Again I dont mean when you are drawing from life.
Know any good tutorials ? TIA guys.
For me, I don't use measurements. I just draw draw draw figures from photos and from life so I can understand the proportions of the figure and the forms, that way I can position them and project the figure any way I like, although I still need a lot of practice . Those measurements that Loomis and Bridgman and others give you will fall apart as soon as the body is bent or tilted the slightest, so it's essentially worthless to spend time studying them. Just learn how the lengths of the masses relate to each other.
I would not say that those measurements are worthless. In fact, I would say that they are just the opposite. When I start any character drawing, I use those proportions. Once I have the basic figure drawn out, I will use them to set the character in my scene, taking prespective into account.
Draw what you draw, then look at the book to compare correctness, then correct errors.
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http://www.conceptart.org/forums/sho...d.php?t=192127"Everything must serve the idea. The means used to convey the idea should be the simplest and clear. Just what is required. No extra images. To me this is a universal principle of art. Saying as much as possible with a minimum of means."-John Huston, Director
I've pretty much got the proportions and anatomy down and memorized.
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I would suggest going with the 8 head break down. Its widely used.
There are other methods, the square unit of the cranium for example, which would be fine also.
Check out Loomis
for vid tuts, you can check out Riven Phoenix.
learning a set of proportions will give you the freedom to deviate from them intelligently. So when you want to draw an arm that's longer than what is considered the standard length you know you are doing it on purpose, not by happenstance.
Last edited by Zazerzs; January 12th, 2010 at 04:23 PM.
What about those articulated wooden models? Do they help at all with basic anatomy? Does anyone use them?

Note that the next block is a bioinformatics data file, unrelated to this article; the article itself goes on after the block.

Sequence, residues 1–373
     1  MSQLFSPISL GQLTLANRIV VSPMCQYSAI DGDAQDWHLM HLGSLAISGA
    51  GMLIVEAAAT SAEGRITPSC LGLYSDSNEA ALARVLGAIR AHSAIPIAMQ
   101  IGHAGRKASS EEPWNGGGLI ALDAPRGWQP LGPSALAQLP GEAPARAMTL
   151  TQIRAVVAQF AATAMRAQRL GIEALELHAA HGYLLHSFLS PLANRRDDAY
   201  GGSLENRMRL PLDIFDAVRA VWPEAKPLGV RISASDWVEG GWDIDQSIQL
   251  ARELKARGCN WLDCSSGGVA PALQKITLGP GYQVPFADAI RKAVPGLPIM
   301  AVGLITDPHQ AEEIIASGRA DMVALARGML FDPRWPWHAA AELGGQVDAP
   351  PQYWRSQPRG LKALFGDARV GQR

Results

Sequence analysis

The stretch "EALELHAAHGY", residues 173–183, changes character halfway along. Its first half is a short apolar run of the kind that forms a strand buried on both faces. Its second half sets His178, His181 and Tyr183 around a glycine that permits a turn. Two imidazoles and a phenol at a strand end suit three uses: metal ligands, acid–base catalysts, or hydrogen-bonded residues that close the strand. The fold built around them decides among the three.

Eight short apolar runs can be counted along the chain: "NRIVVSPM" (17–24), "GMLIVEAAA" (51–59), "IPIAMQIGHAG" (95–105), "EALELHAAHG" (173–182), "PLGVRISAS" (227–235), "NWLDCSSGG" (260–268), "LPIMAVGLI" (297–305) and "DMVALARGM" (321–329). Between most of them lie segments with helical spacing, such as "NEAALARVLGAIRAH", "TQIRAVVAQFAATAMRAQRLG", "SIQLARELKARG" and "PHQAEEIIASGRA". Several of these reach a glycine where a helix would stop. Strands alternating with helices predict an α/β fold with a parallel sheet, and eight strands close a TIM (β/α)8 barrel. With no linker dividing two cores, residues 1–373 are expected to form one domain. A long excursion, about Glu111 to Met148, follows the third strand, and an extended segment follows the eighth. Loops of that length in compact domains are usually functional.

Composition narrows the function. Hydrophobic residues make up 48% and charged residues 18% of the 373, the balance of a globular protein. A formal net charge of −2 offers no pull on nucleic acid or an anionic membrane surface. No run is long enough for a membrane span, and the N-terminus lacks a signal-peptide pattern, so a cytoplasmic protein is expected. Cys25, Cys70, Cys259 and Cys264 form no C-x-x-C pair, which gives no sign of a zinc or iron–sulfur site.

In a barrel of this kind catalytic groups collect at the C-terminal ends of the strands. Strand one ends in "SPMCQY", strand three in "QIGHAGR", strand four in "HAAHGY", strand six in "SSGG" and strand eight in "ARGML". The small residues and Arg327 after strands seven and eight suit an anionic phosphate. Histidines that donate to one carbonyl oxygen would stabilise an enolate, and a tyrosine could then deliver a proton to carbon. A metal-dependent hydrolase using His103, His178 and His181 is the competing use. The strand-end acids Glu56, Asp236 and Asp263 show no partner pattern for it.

When drawing from mind I try to recall what I know of proportions and positions. Then I draw and check with a ref to see if I got it right..
Most often I lay down a basic figure with head, chest and hips drawn in square and go from there.
Other times I let my subconscious guide me
When I started learning figure I mostly used 8 heads canon. It gave me something to grasp at the beginning but it was pretty tedious to make all the measurements every time I sketched character. It was also difficult to draw more complicated poses with foreshortening and body twists. Nowadays I rely more on subconscious and muscle memory from drawing hundreds of gestures. For example I lightly draw some squiggle in place where should be torso, judge whether it looks right or not and correct accordingly. Still there's a lot to learn when it comes to anatomy and proportions. After doing thousands of studies I still tend to make basic mistakes from time to time which can be really frustrating.
Wood manikin turned out to be useless for poses because it's all stiff but I used it several times for figuring out basic lightning (where the arm casts shadow, which part of the body is the brightest etc.)
dpaint posted a list of relative sizes and relationships between parts of the body the other day, you may find it useful.
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